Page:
Virgin Galactic (SPCE) shares soared Monday after the space company announced a new flight window starting Feb. 13 for its SpaceShipTwo Unity, which had its planned flight in December suspended.
The Dec. 12 flight was ditched when the onboard computer halted ignition of the rocket motor.
Virgin Galactic was founded and is partly owned by British entrepreneur Richard Branson.
“The flight window will open on Feb. 13 with opportunities to fly throughout February, pending good weather conditions and technical readiness,” Virgin Galactic said in a statement.
“The test flight will be crewed by two pilots and will carry research payloads as part of the NASA Flight Opportunities program. Pre-flight preparations are already underway at Spaceport America, New Mexico.”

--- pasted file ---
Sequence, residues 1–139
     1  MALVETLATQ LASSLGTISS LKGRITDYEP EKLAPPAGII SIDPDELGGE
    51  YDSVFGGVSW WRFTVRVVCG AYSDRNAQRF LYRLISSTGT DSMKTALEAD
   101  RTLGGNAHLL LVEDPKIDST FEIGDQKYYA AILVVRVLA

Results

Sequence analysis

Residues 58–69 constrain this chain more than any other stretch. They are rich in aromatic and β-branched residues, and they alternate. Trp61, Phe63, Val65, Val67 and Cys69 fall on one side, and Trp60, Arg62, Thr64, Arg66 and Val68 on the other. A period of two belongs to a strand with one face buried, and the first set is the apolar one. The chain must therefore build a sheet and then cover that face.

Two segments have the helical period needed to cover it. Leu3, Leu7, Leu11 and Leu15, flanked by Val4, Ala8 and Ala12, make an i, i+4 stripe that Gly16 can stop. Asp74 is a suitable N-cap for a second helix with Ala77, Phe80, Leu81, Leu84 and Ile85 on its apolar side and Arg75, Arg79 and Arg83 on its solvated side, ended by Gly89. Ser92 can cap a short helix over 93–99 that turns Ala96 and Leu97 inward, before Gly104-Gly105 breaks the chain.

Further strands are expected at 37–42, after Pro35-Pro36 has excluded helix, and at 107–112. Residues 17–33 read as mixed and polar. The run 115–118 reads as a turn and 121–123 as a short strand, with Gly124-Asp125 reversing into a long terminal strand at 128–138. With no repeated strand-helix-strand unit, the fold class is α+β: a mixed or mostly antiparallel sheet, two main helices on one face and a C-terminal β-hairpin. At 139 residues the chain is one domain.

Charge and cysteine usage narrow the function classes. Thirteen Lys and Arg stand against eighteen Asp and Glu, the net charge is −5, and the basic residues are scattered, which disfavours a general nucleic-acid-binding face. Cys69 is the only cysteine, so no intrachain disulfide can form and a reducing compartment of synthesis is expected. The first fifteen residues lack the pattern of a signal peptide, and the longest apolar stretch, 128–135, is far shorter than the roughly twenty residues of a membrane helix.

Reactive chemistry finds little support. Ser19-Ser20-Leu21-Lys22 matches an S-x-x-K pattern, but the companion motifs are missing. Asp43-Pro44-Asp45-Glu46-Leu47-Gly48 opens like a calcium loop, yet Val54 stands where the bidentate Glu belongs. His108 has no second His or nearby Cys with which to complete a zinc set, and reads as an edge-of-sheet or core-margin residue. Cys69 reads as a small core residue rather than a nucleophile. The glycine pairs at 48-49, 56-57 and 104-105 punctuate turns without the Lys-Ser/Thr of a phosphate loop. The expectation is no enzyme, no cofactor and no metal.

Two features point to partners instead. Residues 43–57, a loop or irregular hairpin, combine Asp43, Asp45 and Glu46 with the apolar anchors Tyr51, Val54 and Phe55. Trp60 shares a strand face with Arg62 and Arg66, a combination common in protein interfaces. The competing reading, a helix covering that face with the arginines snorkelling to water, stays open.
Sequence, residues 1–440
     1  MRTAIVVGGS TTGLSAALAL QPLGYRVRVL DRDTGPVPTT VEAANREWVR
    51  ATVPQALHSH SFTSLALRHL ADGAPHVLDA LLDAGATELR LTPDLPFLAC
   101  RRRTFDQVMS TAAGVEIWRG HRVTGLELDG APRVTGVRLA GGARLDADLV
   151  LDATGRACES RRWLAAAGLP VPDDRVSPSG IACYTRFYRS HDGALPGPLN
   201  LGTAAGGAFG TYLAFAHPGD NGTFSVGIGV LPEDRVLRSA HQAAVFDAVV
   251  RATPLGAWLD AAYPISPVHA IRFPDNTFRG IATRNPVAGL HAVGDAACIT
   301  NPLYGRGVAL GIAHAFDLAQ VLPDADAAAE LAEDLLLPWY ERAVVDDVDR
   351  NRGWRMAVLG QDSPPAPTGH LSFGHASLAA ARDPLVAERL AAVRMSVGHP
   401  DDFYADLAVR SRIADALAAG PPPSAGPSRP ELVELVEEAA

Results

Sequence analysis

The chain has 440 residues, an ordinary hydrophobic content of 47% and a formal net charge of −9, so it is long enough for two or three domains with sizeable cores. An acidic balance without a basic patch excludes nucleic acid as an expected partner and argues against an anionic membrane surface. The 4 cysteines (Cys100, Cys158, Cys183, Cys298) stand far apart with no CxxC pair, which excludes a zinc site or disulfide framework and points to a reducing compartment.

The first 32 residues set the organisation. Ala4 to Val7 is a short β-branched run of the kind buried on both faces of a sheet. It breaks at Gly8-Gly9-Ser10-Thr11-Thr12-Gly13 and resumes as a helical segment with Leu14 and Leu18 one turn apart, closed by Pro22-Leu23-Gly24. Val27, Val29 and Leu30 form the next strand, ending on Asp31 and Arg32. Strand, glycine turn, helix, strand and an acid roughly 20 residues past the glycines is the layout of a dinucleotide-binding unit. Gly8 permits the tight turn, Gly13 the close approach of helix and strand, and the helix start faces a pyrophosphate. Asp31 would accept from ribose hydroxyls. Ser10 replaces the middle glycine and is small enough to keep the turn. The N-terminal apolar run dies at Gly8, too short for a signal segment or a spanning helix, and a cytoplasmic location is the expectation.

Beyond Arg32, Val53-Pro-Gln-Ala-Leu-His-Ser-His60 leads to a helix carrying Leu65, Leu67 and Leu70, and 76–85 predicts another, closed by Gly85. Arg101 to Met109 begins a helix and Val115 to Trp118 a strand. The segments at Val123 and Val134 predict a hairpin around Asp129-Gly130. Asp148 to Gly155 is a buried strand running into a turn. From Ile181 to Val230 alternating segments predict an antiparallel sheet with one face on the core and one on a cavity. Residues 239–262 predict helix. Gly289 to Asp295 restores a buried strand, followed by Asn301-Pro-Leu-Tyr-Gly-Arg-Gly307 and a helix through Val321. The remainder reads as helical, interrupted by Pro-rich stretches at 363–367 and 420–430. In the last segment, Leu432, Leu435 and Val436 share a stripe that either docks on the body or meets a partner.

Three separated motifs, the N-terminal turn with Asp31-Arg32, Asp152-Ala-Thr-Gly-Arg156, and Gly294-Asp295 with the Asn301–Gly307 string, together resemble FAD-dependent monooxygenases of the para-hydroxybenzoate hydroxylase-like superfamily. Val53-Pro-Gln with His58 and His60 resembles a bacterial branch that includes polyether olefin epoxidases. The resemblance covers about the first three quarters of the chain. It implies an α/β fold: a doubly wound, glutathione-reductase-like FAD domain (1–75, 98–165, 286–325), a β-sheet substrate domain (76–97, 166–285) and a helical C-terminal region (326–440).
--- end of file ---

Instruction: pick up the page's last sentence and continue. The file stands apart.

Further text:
Virgin said a “key objective of the upcoming flight will be to test the remedial work that has been completed” since the Dec. 12 suspension.
“The team has since conducted the root cause analysis, completed the corrective work required, and carried out extensive ground testing,” the company said. “The next stage will be to assess and verify this work during a rocket-powered flight.”
“We are pleased to be able to get back to the skies and continue our flight test program,” said Chief Executive Michael Colglazier.
Once the SpaceShipTwo Unity completes two successful flights, the plan is for Branson to travel aboard the next flight.
Virgin Galactic traded higher Monday even after the stock was downgraded to hold from buy at Morgan Stanley. The firm raised the stock's target price to $30 a share from $24.